Homer’s cornerstone of literature is vividly told with beautiful illustration and masterful puppetry. Cinematic projection and cunning tricks transform a suitcase full of cut-out paper puppets into an array of living characters and striking landscapes. A silent film is created before your eyes, set to a captivating live score from exceptional musicians.If you live near Brighton, you're in luck!
The Paper Cinema will be putting on performances next week of their amazing adaption of the Odyssey.
Don't miss it!
Thursday, August 29, 2013
My friend Karen had an "obsession" discussion at her library (where she works as a librarian) recently, revolving around Melville's MOBY-DICK.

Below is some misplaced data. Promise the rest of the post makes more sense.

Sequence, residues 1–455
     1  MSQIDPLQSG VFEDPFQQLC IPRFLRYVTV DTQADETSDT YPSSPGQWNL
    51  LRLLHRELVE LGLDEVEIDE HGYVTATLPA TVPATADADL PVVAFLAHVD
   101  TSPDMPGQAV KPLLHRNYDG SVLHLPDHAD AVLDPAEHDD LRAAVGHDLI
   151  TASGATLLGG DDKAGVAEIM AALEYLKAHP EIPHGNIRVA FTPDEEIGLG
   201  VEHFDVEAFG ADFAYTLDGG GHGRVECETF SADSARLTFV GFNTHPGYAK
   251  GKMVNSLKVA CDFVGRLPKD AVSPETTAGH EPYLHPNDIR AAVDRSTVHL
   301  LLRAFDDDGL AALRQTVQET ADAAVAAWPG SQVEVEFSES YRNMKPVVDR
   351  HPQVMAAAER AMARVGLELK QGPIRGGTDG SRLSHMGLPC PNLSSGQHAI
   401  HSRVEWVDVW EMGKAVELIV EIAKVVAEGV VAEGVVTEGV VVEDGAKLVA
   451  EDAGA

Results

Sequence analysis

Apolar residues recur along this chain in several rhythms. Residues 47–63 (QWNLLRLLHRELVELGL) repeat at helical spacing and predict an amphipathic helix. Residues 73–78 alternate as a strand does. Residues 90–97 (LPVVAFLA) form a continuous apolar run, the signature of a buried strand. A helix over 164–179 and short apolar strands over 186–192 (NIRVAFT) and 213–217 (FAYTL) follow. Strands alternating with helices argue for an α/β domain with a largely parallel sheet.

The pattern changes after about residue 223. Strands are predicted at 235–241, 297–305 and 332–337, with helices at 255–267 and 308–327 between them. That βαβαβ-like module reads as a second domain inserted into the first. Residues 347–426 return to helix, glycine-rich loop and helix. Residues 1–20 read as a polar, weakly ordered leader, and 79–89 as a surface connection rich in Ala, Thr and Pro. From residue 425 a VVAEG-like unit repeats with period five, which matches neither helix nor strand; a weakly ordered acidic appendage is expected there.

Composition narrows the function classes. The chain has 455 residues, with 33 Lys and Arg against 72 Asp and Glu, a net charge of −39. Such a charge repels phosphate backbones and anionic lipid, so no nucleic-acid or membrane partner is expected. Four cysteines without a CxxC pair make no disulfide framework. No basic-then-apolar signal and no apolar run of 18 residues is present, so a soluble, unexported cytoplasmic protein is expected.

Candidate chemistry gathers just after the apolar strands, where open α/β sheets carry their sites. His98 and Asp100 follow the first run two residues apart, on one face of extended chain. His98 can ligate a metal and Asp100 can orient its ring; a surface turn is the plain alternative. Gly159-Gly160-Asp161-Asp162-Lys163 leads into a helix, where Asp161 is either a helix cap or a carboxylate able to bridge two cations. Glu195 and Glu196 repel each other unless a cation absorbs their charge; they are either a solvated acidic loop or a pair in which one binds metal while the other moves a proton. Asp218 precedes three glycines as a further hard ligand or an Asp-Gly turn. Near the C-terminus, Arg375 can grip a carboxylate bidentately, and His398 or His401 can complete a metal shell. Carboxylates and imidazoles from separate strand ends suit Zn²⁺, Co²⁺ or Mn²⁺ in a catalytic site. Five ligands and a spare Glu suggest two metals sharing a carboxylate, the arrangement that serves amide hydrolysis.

She used some of the art from Matt Kish's Moby-Dick in Pictures to create stick puppets for the program.
Karen led an informal discussion with the participants, in an attempt to answer questions about larger subjects. Questions contemplated were: What does the novel tell us about obsession? [Ahab’s obsessive desire to kill Moby Dick drives much of the novel’s story-line...] What methods does he use to get the crew on board with his personal obsession? And, what do those methods tell us about larger subjects, such as the nature of leadership, tyranny, and democracy?
The video below is a fascinating short film documenting Matt Kish's own obsession with Moby-Dick, and how that obsession compelled him to create a sketch, drawing, or painting every day for a year, that eventually became his book. His art inspired Karen so much, she used several for her project!
Inside the Whale from Southpaw Filmworks on Vimeo.